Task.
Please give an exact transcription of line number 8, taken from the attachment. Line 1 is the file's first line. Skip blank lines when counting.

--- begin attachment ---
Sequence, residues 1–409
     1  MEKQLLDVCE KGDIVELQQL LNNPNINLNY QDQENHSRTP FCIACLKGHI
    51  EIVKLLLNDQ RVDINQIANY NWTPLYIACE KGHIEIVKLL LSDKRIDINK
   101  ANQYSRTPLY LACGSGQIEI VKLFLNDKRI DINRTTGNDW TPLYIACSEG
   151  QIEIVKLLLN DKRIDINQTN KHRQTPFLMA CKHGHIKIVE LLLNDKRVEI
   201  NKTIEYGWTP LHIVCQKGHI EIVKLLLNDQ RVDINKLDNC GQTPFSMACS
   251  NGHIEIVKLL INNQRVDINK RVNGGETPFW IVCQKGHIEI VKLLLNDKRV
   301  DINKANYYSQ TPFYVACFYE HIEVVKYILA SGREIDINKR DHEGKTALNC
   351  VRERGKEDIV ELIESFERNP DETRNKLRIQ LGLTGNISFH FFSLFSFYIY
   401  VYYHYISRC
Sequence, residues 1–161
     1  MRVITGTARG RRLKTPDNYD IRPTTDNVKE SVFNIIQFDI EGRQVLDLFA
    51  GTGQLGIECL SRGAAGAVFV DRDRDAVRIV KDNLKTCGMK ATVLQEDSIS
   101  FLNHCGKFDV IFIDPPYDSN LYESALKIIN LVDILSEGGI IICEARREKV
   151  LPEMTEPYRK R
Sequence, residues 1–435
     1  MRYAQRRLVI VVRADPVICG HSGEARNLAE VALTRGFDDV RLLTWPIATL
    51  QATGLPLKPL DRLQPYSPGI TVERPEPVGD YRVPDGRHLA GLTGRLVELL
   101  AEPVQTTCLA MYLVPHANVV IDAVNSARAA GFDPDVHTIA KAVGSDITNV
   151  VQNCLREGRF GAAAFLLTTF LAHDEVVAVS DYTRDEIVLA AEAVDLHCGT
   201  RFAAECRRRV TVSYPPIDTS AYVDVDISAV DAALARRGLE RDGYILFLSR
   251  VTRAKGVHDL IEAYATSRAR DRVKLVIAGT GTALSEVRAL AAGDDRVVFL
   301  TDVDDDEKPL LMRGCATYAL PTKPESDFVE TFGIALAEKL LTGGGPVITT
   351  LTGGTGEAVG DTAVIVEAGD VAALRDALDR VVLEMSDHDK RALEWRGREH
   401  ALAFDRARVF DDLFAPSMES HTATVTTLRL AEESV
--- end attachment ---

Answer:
   301  DINKANYYSQ TPFYVACFYE HIEVVKYILA SGREIDINKR DHEGKTALNC